kolāhalo viramate ’cira-mātram uccair
bhṛṅgādhipe hari-kathām iva gāyamāne
pārāvata—pigeons; anyabhṛta—cuckoo; sārasa—crane; cakravāka—cakravāka; dātyūha—gallinule; haṁsa—swan; śuka—parrot; tittiri—partridge; barhiṇām—of the peacock; yaḥ—which; kolāhalaḥ—tumult; viramate—stops; acira-mātram—temporarily; uccaiḥ—loudly; bhṛṅga-adhipe—king of the bumblebees; hari-kathām—the glories of the Lord; iva—as; gāyamāne—while singing.
When the king of bees hums in a high pitch, singing the glories of the Lord, there is a temporary lull in the noise of the pigeon, the cuckoo, the crane, the cakravāka, the swan, the parrot, the partridge and the peacock. Such transcendental birds stop their own singing simply to hear the glories of the Lord.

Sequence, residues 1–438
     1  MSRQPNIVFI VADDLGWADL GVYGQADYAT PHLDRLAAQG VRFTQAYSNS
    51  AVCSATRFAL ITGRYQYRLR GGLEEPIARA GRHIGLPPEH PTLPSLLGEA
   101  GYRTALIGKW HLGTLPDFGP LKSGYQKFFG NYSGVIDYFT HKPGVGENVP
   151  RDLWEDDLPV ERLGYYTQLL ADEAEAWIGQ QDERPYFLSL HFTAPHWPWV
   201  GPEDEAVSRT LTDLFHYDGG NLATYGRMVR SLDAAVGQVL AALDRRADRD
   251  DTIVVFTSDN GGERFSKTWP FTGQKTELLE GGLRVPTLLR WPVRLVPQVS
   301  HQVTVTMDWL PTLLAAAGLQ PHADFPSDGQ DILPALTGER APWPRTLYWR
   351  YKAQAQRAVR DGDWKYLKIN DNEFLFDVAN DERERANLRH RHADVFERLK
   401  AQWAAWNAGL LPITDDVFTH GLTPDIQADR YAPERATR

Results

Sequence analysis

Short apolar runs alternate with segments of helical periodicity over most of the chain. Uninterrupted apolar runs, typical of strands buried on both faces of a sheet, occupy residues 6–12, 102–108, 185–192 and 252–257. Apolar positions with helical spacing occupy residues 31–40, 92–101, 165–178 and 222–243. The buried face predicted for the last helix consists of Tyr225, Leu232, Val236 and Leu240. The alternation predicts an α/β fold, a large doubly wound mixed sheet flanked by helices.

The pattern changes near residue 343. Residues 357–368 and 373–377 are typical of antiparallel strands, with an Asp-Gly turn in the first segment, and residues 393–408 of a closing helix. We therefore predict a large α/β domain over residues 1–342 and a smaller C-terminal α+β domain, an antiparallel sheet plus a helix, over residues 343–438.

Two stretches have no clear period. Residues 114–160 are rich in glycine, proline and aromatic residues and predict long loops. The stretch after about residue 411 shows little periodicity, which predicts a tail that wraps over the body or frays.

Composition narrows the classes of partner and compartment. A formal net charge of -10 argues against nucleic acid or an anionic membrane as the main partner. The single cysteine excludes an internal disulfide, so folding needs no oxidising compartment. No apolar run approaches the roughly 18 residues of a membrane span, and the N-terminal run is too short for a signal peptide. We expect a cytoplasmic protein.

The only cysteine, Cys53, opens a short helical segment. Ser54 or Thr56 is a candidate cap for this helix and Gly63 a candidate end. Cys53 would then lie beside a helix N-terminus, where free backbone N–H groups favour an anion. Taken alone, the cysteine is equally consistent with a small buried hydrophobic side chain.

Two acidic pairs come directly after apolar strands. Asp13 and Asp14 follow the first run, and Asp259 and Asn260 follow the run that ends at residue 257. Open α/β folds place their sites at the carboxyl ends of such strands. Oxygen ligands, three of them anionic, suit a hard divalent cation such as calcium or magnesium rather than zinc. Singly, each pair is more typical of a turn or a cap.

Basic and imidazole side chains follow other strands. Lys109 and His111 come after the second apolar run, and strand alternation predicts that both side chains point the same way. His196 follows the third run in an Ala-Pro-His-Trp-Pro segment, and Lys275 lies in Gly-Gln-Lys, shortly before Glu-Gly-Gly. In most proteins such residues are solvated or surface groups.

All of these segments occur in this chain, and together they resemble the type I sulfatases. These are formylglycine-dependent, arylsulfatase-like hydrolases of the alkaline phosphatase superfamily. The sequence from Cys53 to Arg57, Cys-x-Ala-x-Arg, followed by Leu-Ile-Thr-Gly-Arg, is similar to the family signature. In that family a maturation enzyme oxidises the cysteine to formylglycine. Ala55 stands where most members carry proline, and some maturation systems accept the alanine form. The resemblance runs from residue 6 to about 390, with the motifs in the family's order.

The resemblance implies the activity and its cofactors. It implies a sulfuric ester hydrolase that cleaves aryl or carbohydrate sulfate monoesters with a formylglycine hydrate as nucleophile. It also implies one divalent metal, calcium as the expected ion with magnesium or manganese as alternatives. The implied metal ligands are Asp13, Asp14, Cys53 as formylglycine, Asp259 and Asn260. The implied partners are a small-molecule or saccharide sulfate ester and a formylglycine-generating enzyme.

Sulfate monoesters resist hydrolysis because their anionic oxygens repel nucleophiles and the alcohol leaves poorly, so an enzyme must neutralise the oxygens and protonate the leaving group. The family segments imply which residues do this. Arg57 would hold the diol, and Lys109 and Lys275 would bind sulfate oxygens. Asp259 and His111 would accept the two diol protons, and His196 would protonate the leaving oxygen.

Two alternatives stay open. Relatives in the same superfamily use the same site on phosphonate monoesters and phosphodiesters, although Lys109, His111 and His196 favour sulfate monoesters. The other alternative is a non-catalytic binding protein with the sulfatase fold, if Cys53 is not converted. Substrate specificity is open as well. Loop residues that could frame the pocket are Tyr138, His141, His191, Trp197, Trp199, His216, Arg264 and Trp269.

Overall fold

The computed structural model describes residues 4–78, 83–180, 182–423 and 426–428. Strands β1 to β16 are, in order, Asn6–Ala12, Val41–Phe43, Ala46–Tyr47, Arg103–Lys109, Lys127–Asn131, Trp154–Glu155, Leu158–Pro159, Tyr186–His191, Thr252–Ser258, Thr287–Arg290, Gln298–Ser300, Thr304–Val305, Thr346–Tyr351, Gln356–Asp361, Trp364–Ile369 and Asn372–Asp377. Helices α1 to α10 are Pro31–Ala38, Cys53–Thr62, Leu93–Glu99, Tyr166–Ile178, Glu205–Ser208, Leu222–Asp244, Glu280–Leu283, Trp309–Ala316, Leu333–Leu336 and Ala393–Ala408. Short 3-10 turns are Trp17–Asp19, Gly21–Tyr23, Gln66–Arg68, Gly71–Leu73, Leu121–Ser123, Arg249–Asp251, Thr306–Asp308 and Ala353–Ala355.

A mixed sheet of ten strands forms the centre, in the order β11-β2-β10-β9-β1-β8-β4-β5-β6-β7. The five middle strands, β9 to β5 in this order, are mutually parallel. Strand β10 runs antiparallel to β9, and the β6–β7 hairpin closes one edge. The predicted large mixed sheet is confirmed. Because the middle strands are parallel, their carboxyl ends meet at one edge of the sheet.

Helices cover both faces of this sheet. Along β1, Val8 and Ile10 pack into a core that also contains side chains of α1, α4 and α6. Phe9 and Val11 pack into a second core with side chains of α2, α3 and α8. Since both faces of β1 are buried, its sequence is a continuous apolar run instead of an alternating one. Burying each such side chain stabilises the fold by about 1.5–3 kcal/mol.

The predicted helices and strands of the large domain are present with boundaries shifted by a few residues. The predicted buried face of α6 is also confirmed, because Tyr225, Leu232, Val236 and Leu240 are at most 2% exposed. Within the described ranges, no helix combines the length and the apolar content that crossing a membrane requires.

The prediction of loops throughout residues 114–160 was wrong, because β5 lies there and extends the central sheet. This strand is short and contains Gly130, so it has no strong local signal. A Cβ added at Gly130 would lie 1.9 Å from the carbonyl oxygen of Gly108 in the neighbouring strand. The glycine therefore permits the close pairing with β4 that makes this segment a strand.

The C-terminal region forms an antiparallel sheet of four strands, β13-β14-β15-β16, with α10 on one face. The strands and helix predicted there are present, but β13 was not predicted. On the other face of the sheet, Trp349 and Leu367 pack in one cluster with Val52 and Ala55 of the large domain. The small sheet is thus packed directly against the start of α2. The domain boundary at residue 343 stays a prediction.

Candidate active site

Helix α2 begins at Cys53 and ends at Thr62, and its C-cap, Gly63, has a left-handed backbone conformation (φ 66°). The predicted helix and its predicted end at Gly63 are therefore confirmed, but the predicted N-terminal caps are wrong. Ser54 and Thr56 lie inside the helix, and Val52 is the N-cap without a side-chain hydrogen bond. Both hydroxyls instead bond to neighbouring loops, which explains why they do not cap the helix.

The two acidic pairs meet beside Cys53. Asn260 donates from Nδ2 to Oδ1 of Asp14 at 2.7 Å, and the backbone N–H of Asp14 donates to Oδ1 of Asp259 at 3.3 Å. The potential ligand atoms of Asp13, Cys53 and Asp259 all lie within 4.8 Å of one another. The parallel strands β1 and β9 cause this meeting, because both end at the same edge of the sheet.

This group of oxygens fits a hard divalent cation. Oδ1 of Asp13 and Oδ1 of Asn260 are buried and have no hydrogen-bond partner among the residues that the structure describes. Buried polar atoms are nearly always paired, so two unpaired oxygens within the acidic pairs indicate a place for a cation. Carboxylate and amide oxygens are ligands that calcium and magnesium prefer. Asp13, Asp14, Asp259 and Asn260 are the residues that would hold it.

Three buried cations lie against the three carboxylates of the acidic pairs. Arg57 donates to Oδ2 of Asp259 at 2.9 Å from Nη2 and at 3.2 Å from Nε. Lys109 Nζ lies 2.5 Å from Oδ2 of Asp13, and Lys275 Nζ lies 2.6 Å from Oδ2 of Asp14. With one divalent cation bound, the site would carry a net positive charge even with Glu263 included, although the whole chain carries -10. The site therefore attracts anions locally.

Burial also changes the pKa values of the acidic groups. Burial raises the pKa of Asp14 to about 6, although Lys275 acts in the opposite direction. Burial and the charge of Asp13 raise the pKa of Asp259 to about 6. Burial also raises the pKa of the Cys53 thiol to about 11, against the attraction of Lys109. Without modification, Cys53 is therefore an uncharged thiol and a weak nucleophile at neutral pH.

This verse reveals the absolute nature of Vaikuṇṭha. There is no difference between the birds there and the human residents. The situation in the spiritual sky is that everything is spiritual and variegated. Spiritual variegatedness means that everything is animate. There is nothing inanimate. Even the trees, the ground, the plants, the flowers, the birds and the beasts are all on the level of Kṛṣṇa consciousness. The special feature of Vaikuṇṭhaloka is that there is no question of sense gratification, In the material world even an ass enjoys his sound vibration, but in the Vaikuṇṭhas such nice birds as the peacock, the cakravāka and the cuckoo prefer to hear the vibration of the glories of the Lord from the bees. The principles of devotional service, beginning with hearing and chanting, are very prominent in the Vaikuṇṭha world.
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